GRAIN VALLEY, Mo. — With polls opening in less than 24 hours, candidates for U.S. Senate in Missouri made their final appeals to voters Monday.
Republican Attorney General Eric Schmitt spent time in Grain Valley speaking with supporters. Meanwhile, Democrat Trudy Busch Valentine was in St. Louis and spoke with a FOX4 sister station.
Former Trump administration acting Attorney General Matt Whitaker introduced Schmitt at the 3GV East Kansas City Airport. They were also joined by Missouri treasurer Scott Fitzpatrick, who is running for state auditor.
Schmitt touched on issues like inflation and the economy, which a FOX4/Emerson College/The Hill poll overwhelmingly revealed was the most important issue on voters’ minds.
Schmitt also spoke proudly about his lawsuits against school districts for mask mandates during the pandemic.
As Schmitt’s campaign attacks his opponent for being a “tax-and-spend liberal,” FOX4 asked Schmitt how he feels about spending taxpayer money on those lawsuits against schools.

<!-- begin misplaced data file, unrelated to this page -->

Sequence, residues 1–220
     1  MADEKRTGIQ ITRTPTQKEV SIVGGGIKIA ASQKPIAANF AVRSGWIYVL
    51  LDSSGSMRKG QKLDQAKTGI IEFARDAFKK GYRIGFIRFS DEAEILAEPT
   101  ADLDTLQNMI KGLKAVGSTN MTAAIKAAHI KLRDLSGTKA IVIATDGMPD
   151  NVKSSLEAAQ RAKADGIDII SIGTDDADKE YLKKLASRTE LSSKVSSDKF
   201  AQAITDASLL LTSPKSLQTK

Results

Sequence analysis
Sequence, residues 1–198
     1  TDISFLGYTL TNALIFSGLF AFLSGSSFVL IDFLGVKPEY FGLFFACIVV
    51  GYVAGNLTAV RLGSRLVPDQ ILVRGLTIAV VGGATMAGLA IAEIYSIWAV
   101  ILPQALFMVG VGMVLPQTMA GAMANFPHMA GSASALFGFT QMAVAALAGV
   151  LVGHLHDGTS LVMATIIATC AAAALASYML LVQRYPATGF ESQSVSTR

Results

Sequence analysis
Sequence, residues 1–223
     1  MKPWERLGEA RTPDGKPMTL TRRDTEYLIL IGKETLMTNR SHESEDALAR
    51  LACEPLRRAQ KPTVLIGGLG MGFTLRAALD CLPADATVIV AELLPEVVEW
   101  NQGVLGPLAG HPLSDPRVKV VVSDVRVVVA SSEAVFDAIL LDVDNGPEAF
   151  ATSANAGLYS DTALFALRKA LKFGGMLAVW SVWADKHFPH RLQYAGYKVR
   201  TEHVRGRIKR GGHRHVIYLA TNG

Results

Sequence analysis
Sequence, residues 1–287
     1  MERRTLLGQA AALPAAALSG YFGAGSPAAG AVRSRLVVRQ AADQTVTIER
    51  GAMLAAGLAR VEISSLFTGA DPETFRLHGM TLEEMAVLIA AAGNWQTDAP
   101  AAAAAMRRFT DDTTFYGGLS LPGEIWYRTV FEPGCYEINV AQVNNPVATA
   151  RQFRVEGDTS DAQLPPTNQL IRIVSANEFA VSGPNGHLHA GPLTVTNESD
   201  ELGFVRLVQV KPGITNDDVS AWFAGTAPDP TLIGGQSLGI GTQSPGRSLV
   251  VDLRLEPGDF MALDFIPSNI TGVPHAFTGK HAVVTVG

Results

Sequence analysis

“My job is to protect the rights of Missourians,” Schmitt said. “And at any point, whether it’s the federal government or any government that’s overreaching and doing things that are illegal, we’re going to push back, and I’m proud of those lawsuits.”
That same FOX4 poll gives Schmitt a double-digit lead over Busch Valentine. In it, 14% of voters said abortion was their most important issue in this election, making it the third-most critical.
Both candidates addressed it Monday.
“We need to codify Roe V. Wade,” Busch Valentine said. “I think it’s really important that we don’t take a right away that women have had for 50 years. We have to move forward with more equality and more autonomy for everyone.”
“Missouri is a pro-life state,” Schmitt said. “I’m pro-life. I think what’s happening right now, what you’re seeing with this debate, is Democrats are deliberately trying to confuse people about my record, about what the law is Missouri.”
As far as a nationwide ban on abortion, something many prominent Republicans have called for, Schmitt was non-committal.
“I’d be happy to look at it, but I’m not going to answer any hypotheticals about what legislation looks like before I get that,” Schmitt said. “In general, I think these issues should be left up to the states.”
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